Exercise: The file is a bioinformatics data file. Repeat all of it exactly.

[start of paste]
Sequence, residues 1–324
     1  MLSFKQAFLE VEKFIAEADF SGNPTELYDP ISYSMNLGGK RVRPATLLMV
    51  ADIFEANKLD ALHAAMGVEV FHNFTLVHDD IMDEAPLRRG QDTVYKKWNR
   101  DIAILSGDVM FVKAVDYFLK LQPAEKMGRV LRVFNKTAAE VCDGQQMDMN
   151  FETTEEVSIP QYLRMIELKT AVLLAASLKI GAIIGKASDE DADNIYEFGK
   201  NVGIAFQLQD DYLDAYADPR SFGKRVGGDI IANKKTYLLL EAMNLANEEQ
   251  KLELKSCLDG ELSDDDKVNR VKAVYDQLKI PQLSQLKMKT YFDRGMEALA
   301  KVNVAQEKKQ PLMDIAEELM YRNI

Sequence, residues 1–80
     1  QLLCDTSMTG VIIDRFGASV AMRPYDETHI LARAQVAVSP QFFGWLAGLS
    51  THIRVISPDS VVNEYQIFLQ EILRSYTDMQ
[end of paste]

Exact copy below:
Sequence, residues 1–324
     1  MLSFKQAFLE VEKFIAEADF SGNPTELYDP ISYSMNLGGK RVRPATLLMV
    51  ADIFEANKLD ALHAAMGVEV FHNFTLVHDD IMDEAPLRRG QDTVYKKWNR
   101  DIAILSGDVM FVKAVDYFLK LQPAEKMGRV LRVFNKTAAE VCDGQQMDMN
   151  FETTEEVSIP QYLRMIELKT AVLLAASLKI GAIIGKASDE DADNIYEFGK
   201  NVGIAFQLQD DYLDAYADPR SFGKRVGGDI IANKKTYLLL EAMNLANEEQ
   251  KLELKSCLDG ELSDDDKVNR VKAVYDQLKI PQLSQLKMKT YFDRGMEALA
   301  KVNVAQEKKQ PLMDIAEELM YRNI

Sequence, residues 1–80
     1  QLLCDTSMTG VIIDRFGASV AMRPYDETHI LARAQVAVSP QFFGWLAGLS
    51  THIRVISPDS VVNEYQIFLQ EILRSYTDMQ